It’s hard to express my sentiments during that time.  I keep writing this, don’t I?  In 2007, it seemed like we were having an End of World Party.  Then in 2008, we started seeing the fault lines.

Simultaneously, ERA was getting acquired.  Talks for it started in 2007, and rumors were circulating about the implications.  Mostly about the bad implications, like restrictions and new evil overlords.

So during the summer of 2008, exactly two years after I began, I made the decision to leave and go independent with some partners.

I didn’t know that in the week I quit, Lehman would go under.  Sigh.  We’ll continue with that in the next installment.

To close this out though, let’s talk about what happened to the company, because I learned a lot from it.

After ERA was taken over at a high multiple, and the financial crisis happened, 29 out of 30 partners either quit or were fired.  The once-proud, established firm then just became a carcass of its former self within 2 years.

From the outside, I could see it disintegrating in slow motion.  Inexorably, but still happening.

Honestly, I was quite surprised when I left, and no one else left with me.  This is not me applying 20/20 hindsight.  You could see that 90% of our work was for clients who were chasing clouds.  You could see that there were cracks appearing in the real estate markets, everywhere in the world.

I didn’t know where I was going, but I knew I didn’t want to see what happened, so I left.

A few years later, I worked with an older investor named Larry who mused, often, that companies are hard to kill.  It’s hard to kill a company, he would say, shaking his head, as he talked about his failed businesses.  When he said this, I would always think of ERA.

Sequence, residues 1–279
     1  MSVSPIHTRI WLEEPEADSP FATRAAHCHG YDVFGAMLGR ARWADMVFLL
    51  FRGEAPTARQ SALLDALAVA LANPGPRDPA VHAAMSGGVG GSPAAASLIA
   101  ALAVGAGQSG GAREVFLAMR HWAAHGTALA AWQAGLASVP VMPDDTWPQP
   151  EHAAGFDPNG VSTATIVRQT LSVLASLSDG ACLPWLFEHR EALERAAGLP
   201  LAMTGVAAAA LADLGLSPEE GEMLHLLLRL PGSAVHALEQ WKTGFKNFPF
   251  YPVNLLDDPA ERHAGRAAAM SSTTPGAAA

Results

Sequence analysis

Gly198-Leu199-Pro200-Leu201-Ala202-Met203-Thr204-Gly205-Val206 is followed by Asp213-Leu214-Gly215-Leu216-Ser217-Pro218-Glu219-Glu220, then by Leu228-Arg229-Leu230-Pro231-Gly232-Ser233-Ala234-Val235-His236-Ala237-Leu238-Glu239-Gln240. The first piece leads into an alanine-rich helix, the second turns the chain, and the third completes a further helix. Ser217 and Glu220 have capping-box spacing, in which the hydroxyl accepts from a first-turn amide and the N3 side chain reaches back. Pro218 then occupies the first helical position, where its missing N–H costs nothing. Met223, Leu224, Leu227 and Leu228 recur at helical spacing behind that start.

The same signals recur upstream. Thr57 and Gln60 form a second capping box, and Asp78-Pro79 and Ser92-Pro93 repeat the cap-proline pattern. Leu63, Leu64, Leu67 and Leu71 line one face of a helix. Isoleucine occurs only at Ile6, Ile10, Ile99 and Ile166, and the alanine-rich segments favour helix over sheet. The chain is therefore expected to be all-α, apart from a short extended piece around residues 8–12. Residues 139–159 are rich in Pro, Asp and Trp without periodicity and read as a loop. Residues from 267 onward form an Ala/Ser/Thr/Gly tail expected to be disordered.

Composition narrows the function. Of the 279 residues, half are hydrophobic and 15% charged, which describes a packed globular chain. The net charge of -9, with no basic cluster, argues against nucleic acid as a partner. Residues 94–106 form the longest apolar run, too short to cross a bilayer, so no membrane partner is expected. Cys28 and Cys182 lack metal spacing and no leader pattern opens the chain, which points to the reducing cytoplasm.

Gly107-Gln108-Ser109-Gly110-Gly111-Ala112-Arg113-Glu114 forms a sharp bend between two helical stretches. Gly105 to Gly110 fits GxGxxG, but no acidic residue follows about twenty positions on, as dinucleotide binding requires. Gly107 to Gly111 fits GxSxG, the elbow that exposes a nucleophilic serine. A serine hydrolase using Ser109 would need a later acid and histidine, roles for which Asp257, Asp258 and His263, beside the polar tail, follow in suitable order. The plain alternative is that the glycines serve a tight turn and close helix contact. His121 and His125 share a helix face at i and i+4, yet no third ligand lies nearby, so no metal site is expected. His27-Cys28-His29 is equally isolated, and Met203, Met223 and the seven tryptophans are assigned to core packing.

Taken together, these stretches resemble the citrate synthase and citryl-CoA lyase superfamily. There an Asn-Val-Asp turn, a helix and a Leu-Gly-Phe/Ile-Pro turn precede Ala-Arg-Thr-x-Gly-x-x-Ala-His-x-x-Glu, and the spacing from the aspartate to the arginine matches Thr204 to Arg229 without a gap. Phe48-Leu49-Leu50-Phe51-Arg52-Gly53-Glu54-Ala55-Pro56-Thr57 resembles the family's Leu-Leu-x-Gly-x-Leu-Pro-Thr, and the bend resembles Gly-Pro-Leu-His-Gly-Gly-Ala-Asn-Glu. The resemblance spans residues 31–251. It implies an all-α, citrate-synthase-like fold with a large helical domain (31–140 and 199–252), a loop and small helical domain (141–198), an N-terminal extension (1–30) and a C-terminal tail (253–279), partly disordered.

I left because I thought the company would blow up.  But it didn’t.  It took a while. a year or two, before it all fell apart.  Companies are groups of people, and groups of people who are not nomads don’t just pick up and leave overnight.  Even when from the outside it looked like there was no way this company could survive the Lehman fail and the resulting financial crisis, people still hung in there.

From the outside, it looked like people were huddled.  Maybe out of fear.  Maybe because this is all they knew, and it was a family.  Maybe because from the inside, there was a sense of comfort in seeing that the same people in familiar surroundings.  In peoples’ heart of hearts, maybe they knew – but they didn’t want to face the reality.  Familiar chord, isn’t it?

It took a lot longer to disintegrate than I thought it would.  But its end came, and it was a long, sorry fall.  In its corner of the amusement park industry, ERA was a giant, a monopoly.  And because it was a monopoly, a lot of things had happened to the company over the years.  For one, there was widespread complacency.

For a company that charged McKinsey-level rates, I couldn’t believe that the company still didn’t have a central database or repository of knowledge.  There were relics in our office that again, I should have saved or asked for, because they should be enshrined in the Annals.